It takes money to come out with a radically new platform, but I think GM will be rewarded handsomely for their investment.

123xyz

September 6, 2009 12:55 PM

Johan de Nysschen then should publicly trash VW's Phaeton as a massive wasted investment, a misplaced marketing effort to elevate the "people's car" brand into Audi's market segment. "Stupid," he should say, "I would be embarrassed being seen next to one, let alone in one," he should add.

Barna

September 7, 2009 04:54 AM

A short sighted guy, to him only money matters. The thing that we are living on the same mudball called earth, our cities are polluted, noisy, we are financing terrorism with each dollar we spend on gas and so on, well that's far far away from his world of KPI's and profit margins. Thanks Johan, you can sit down now.

Eric Bladt

September 7, 2009 08:52 AM

Mr. de Nysschen should keep his mouth shut. I bought an AUDI some time ago. The problems started on day one and kept coming.
Never again an AUDI car...

ps

September 7, 2009 11:08 AM

Thinking strictly dollars and cents made no sense for GM. The Prius has had a halo effect on Toyota. The maker of Tundras LandCruisers has green credentials which does result in more showroom traffic. The Volt can have a halo effect and burnish GM's image from the company that killed the EV1 and gave us the Hummer to a company that makes attractive, dependable and fuel efficient cars (which is true in spite of perceptions). Image drives alot of peoples spending decisions, whether that perception is reality or not.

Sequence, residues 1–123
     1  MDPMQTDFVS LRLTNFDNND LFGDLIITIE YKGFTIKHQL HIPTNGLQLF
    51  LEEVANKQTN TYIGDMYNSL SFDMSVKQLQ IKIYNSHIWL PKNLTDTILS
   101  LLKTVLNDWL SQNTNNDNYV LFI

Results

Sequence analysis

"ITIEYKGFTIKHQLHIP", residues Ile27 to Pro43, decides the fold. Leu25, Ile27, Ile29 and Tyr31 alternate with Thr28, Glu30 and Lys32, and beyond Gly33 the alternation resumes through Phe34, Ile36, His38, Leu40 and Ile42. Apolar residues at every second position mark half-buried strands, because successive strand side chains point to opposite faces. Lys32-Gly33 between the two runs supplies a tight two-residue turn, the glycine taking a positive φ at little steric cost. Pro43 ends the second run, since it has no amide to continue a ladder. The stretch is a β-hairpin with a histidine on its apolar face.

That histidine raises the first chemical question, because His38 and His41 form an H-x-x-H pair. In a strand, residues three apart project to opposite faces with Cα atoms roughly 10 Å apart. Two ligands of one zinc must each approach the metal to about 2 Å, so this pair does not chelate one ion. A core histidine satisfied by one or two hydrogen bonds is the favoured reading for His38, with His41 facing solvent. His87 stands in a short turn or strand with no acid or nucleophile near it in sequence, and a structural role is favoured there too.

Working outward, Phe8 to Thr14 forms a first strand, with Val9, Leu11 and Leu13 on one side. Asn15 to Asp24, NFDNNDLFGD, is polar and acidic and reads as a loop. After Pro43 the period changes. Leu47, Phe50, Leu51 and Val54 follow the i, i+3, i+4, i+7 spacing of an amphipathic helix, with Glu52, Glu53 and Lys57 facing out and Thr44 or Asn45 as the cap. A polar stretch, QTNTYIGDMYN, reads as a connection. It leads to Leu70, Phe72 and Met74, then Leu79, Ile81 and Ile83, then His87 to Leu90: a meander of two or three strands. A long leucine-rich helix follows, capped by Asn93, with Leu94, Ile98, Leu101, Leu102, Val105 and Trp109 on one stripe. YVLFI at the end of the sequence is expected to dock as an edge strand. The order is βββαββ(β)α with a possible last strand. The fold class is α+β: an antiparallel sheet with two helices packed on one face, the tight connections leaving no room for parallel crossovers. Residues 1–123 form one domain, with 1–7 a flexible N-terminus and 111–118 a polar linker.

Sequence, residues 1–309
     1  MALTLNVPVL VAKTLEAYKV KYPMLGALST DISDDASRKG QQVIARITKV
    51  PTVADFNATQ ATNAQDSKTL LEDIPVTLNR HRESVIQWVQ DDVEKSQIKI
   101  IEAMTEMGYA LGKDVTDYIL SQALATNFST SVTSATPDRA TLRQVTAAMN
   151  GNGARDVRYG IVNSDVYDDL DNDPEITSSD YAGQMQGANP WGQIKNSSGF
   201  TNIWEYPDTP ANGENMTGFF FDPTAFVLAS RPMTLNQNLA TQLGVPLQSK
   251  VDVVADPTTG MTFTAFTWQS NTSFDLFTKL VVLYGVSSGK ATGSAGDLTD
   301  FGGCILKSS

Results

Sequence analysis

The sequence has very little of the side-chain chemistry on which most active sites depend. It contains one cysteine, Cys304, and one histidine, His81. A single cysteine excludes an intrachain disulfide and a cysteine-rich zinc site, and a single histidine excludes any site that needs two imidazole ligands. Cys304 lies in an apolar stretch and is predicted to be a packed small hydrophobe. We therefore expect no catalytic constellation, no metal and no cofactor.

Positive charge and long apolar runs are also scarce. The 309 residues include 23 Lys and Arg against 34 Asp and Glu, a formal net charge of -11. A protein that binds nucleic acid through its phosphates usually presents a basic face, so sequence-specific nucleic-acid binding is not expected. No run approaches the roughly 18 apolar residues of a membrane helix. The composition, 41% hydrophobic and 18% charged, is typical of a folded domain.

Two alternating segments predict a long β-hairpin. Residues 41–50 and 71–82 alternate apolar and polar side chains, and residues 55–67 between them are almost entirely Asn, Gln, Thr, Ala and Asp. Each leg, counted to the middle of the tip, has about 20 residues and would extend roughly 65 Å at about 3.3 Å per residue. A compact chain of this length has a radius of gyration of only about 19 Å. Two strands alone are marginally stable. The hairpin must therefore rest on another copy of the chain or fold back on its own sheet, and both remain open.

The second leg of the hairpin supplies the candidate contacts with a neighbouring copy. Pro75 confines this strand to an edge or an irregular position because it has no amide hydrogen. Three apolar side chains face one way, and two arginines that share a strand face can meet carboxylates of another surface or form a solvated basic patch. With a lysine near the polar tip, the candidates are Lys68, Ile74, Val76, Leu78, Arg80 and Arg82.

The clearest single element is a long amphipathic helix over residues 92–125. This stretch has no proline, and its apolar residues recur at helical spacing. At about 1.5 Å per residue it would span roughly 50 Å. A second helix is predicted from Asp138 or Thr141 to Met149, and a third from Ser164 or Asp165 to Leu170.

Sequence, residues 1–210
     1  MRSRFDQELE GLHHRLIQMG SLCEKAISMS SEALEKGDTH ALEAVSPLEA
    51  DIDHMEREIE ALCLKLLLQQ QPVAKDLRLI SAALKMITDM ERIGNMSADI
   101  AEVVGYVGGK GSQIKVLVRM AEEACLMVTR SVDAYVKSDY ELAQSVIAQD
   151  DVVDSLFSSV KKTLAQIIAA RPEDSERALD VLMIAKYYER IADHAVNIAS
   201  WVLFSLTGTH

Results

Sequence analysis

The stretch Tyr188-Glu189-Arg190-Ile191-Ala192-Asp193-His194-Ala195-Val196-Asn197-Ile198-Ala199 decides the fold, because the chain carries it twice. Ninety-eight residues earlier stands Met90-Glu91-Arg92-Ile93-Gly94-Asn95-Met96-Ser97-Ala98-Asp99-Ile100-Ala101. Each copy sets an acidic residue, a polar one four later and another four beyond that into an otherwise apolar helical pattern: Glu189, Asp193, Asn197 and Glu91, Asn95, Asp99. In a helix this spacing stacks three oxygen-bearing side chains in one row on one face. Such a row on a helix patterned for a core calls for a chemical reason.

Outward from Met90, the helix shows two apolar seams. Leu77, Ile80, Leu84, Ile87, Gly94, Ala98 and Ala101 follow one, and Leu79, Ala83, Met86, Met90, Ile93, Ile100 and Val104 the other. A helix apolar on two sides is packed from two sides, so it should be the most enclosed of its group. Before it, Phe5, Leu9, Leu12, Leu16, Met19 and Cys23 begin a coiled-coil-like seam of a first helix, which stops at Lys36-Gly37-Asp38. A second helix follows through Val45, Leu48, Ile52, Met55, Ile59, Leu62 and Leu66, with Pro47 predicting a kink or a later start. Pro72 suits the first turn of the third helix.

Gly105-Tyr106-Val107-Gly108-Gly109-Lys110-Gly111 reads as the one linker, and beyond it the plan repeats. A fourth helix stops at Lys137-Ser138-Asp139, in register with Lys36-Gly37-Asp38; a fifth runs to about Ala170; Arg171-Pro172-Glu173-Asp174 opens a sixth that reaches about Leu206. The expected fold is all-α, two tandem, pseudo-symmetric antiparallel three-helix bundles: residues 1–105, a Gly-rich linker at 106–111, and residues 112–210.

D

September 7, 2009 11:10 AM

From a mechanical stand point the electric car could compete because of its motors. The EV car could outlast an gas motor by decades. If a person didn't mind the same car for decades. The batteries will improve with development over time. And an increase in electric production could be accomplished through wind and solar instead of coal and natgas.
And everyone forgets that as soon as demand for gas returns the price per gallon will increase to squeeze the consumer.

Henry L.

September 7, 2009 12:26 PM

Electric cars may not make alot of economic sense but shouldn't we start somewhere rather than keeping going on the same path? We should try various solutions and see how they pan out. I am sure gasoline powered engines will still be around for a long time but we should always explore other alternatives.

Ken A.

September 7, 2009 01:19 PM